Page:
“We made it! An eight-language banner in fucking forty minutes!” beamed a Balkan anarchist comrade to those who’d been hurriedly creating this enormous expression of solidarity. Nearby, another anarchist comrade from the Revolutionary Anarchist Group, was painting the words “We never forget, we never forgive” in Turkish; his friend-mentor, murdered in the bombing of a peace rally in Ankara just a couple days ago, had just been buried back home.
Many other anarchists, from across the Mediterranean, Balkans, and Europe, along with a sprinkling of some of us from the United States, were mingling outside the social center — the welcome spot for this four-day segment of the ten-day Mediterranean anarchist gathering. The original kick-off was going to be public talks in the evening, but they were delayed. The anarchists of Salonica, in less than a day, had called for a “manifestation” (demonstration) in solidarity with this latest act of state terror.
As usual, the truth may never be known. There’s a media blackout in Turkey and the region; during the Gezi occupation, as our comrade from Turkey reminds us, state television showed penguins for four days (“everyone in Turkey knows everything about penguins, yet many know nothing about Gezi”). But comrades explain that at the Ankara peace gathering, police were eerily absent; they showed up after the bombing, and part of what they did was tear gas people who’d been hurt. Some of the dead were killed by the gas, not the bomb, although the bomb murdered and wounded hundreds. And further shattered emotions and hopes.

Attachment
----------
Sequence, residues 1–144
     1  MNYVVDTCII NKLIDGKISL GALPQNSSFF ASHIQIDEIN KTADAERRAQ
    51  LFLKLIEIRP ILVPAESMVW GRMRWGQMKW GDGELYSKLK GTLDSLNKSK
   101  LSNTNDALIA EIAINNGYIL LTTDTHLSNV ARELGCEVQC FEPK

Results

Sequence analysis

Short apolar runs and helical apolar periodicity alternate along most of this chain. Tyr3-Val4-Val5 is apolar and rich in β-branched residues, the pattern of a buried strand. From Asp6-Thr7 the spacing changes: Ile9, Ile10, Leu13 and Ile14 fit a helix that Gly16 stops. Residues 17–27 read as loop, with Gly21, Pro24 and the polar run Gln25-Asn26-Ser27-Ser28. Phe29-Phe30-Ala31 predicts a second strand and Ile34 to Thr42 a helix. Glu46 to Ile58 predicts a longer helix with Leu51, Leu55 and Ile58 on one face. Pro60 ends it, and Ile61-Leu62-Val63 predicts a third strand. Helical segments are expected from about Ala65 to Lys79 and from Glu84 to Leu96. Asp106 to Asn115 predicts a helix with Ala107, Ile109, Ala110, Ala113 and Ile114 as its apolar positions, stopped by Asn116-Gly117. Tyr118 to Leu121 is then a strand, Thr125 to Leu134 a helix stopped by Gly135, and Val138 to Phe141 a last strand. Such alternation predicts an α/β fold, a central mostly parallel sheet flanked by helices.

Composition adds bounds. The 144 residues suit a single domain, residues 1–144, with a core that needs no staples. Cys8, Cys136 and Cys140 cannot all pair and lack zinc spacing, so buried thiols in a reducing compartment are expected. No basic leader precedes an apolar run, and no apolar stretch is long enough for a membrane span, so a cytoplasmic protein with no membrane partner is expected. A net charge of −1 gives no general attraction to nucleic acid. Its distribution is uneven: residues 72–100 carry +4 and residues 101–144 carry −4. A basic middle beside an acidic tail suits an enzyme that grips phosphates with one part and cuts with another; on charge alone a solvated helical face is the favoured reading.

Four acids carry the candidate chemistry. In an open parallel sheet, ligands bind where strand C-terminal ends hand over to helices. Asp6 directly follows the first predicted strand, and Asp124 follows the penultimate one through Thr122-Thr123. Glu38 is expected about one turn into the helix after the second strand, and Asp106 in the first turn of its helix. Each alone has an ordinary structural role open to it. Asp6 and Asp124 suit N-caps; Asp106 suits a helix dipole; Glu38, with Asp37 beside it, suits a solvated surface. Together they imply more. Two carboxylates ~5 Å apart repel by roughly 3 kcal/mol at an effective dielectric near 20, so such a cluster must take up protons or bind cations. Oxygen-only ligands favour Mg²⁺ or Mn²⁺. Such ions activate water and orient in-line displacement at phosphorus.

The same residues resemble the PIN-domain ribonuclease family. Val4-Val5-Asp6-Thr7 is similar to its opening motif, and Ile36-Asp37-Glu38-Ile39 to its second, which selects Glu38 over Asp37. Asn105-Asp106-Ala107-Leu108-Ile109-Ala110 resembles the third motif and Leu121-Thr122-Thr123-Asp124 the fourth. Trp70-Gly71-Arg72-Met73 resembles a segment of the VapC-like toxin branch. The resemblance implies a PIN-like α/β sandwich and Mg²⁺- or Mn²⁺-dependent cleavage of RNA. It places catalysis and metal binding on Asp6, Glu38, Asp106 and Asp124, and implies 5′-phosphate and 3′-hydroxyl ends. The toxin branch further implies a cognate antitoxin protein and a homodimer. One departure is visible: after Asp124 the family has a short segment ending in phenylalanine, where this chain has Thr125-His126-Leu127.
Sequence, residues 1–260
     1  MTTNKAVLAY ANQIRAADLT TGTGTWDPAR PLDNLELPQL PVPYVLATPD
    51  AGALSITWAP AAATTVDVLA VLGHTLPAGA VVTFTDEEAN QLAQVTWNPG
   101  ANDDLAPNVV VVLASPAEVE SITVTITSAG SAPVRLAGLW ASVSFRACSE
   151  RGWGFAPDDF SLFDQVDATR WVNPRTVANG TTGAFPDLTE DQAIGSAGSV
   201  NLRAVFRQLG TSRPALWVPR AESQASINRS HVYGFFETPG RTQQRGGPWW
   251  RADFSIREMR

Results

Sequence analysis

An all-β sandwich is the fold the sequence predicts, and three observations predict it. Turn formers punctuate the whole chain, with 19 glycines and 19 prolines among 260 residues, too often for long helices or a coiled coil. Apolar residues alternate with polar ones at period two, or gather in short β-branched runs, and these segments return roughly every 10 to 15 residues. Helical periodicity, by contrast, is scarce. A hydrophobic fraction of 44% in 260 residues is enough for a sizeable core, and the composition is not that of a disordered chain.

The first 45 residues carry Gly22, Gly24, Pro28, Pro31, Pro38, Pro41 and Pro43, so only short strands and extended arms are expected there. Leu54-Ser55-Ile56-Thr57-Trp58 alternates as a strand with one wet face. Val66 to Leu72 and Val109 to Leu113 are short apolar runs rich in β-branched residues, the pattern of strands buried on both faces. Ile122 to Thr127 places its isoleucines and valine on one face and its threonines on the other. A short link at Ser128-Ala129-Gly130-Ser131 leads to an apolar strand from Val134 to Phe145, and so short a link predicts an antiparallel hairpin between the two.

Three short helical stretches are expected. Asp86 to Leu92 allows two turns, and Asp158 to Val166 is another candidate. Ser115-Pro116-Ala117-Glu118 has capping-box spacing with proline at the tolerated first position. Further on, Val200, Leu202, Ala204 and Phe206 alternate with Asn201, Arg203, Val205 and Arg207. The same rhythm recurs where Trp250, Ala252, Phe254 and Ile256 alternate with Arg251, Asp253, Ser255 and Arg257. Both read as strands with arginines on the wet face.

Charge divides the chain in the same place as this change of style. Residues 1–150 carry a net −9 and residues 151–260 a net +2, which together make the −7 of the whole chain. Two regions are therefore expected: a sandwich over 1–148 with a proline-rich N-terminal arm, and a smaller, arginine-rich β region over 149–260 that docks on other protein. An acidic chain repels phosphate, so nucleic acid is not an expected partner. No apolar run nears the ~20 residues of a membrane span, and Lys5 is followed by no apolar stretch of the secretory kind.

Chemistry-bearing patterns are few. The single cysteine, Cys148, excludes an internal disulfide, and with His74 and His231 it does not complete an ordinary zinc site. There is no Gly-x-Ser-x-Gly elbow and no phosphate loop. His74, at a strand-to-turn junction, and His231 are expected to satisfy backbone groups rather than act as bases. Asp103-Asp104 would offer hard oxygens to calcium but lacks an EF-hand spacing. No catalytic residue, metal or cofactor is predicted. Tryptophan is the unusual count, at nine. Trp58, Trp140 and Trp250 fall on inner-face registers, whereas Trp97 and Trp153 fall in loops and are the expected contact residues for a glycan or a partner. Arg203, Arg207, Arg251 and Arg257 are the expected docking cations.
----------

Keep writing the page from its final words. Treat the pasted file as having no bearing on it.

The bombing didn’t, it seems, shatter the resolve for getting more serious about what it means to resist. So here, some 1,000 people marched in two strong contingents, with our banner in eight languages, illustrating the power of what it means when anarchists confederate across borders to strategize together, to share ideas, difficulties, and sorrows, to invite each other to amp up mutual aid for our projects. This morning, for instance, I’m about to head back to the social center — by way of an anarchist-created map showing all our meeting spaces, squats, and bookstores in the neighborhood for this four-day gathering — for an “assembly” (a wide-ranging word that sometimes involves sharing, sometimes presentations and debates, sometimes decision making) about how to increase solidarity efforts around welcoming and mutually aiding refugees, especially across the borders “represented” here.
But back to our manifestation last night. The local anarchists, from the start, told us “internationalists” that they might want us to walk on a parallel street once we reached the Turkish Embassy, if a physical battle started between them and the police. They asked us to stick together as a bloc. For their part, they “armed” themselves with numerous heavy sticks carrying red and black flags, part symbol, part defense, if needed, and many carried motorcycle helmets as further defensive measure. Many of them seemed to be walking with their particular anarchist group; here, people are much more aware of working with and through groups, not individuals, and act as a group in demonstrations. The same is true of the many Marxist/Communist groups, who also converged with us at the pre-set meeting point, about 15 minutes from the anarchist social space, to start the manifestation.